- Barbell back squat – This is the big daddy of vertical jump training. With full hip and knee extension and core/stabilization involvement, this is the sort of strength movement you want to be doing.
- Bulgarian split squat – As far as unilateral vertical jump strength movements go, the BSS is the holy grail. Read more about why the Bulgarian split squat is so effective for vertical jump training here.
- Jump squat – This one’s more of a power movement but research has shown the jump squat to be extremely effective at developing vertical jump. It should be pretty obvious why, it’s literally just a weighted jump!
- Power clean – As far as Olympic movements go, the power clean is by far the best for developing vertical jumping ability, for a multitude of reasons. Learn more about why the power clean is an excellent vertical jump exercise here!
- Glute ham raise – When we’re thinking about developing a super strong posterior chain, the single best exercise you can be doing is the GHR because of the huge force you can generate through hip extension.
- Hip thrusts – And to round things out, hip thrusts are the best way to target glutes for vertical jump training – again the focus is on hip extension here.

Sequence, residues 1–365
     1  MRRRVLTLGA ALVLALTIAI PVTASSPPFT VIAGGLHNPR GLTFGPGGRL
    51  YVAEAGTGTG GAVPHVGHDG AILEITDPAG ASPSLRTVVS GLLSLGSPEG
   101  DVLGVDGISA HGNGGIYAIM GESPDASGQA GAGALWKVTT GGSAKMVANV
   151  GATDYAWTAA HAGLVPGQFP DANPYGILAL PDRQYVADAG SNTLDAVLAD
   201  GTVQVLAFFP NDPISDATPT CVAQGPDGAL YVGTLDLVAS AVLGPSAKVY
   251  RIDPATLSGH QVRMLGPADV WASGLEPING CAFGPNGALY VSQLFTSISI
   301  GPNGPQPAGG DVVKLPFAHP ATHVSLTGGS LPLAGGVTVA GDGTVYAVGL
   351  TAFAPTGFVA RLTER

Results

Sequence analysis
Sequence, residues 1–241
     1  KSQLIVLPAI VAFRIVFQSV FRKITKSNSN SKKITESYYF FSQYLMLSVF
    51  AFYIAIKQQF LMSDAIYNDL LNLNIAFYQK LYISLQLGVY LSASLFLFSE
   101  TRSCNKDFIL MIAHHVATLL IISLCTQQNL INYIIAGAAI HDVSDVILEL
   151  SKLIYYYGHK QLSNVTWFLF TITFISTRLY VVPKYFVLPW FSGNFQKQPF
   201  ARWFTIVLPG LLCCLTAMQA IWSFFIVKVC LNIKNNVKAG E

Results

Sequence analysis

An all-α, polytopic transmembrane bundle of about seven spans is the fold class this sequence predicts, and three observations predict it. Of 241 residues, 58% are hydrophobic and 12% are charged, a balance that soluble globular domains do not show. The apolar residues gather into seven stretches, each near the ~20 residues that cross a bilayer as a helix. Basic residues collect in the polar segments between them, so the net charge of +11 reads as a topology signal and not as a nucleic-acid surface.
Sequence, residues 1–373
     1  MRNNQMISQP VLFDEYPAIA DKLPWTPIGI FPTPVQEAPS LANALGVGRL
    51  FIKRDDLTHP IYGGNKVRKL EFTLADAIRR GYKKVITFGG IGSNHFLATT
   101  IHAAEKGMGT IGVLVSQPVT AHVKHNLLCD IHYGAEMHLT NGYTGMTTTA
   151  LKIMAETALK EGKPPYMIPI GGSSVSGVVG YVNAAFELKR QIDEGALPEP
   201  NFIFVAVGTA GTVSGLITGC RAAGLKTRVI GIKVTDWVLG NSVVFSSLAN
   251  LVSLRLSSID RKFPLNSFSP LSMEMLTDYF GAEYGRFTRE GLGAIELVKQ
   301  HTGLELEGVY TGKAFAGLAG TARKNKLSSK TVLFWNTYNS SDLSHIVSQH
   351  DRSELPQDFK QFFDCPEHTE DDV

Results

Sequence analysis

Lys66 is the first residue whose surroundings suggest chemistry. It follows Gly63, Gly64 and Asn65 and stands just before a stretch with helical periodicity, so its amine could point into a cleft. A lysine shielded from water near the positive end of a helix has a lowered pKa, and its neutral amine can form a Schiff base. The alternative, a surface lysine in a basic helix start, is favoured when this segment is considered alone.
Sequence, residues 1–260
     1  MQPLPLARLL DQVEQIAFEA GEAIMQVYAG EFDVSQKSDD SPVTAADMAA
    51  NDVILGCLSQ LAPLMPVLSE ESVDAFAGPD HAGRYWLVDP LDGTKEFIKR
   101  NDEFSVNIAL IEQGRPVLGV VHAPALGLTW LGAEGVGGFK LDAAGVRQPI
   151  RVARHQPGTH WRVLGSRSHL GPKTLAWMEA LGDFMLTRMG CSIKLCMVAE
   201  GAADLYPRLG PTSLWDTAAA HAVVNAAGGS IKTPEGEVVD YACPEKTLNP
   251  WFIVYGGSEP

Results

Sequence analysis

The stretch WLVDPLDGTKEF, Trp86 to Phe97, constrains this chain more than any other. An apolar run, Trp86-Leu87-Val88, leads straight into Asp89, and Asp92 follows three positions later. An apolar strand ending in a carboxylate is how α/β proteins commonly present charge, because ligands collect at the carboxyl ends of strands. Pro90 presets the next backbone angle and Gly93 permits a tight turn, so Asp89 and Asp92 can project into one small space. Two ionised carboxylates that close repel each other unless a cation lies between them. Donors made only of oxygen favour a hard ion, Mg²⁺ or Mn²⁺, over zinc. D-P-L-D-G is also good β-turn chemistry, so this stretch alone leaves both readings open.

Do Leg Curls Help Vertical Jump?
Leg curls, just like leg extensions, are not an effective vertical jump exercise because they do not mimic triple extension in any meaningful way.
In fact, leg curls don’t train extension at all. This is knee flexion movement which trains the opposing muscle group (hamstrings) to the knee extensors (quads).
This isn’t to say you should never train knee flexion – it’s super important to make sure these opposing muscle groups are well balanced, but when it comes down to what’s going to move the needle in your vertical jump training, this ain’t it!
You can do all the leg curls you like as finishers or accessory movements, but you should never have this as a primary focus for any of your vertical jump training sessions.
What About Leg Press?
Leg press is another one I get asked about all the time. In my article ‘Does Leg Press Increase Vertical Jump‘ I explain in much greater detail why it also falls into the bucket of inefficient vertical jump training exercises.
There’s actually a good amount of science on this one, which I unpack in the above article. But essentially it boils down to the same thing: no load on the hips or ankles, and only knee flexion and extension.
It’s impossible to perform a vertical jump without load on the hip joint, but exercises like the leg press and leg extension neglect this reality.
So by now it should be pretty clear that leg extensions are not a particularly worthwhile vertical jump exercise primarily because of how poorly it replicates triple extension.
Having said that, I still do leg extensions fairly regularly at the end of my leg workouts to give my VMO some extra attention which helps stave off patella tendonitis.
So it’s perfectly fine to do occasionally, but you should never think of the leg extension as a primary exercise in any vertical jump training workout.
To make sure you’re choosing the correct exercises to maximize your vertical jump, check out my roundup of the best vertical jump programs for 2023.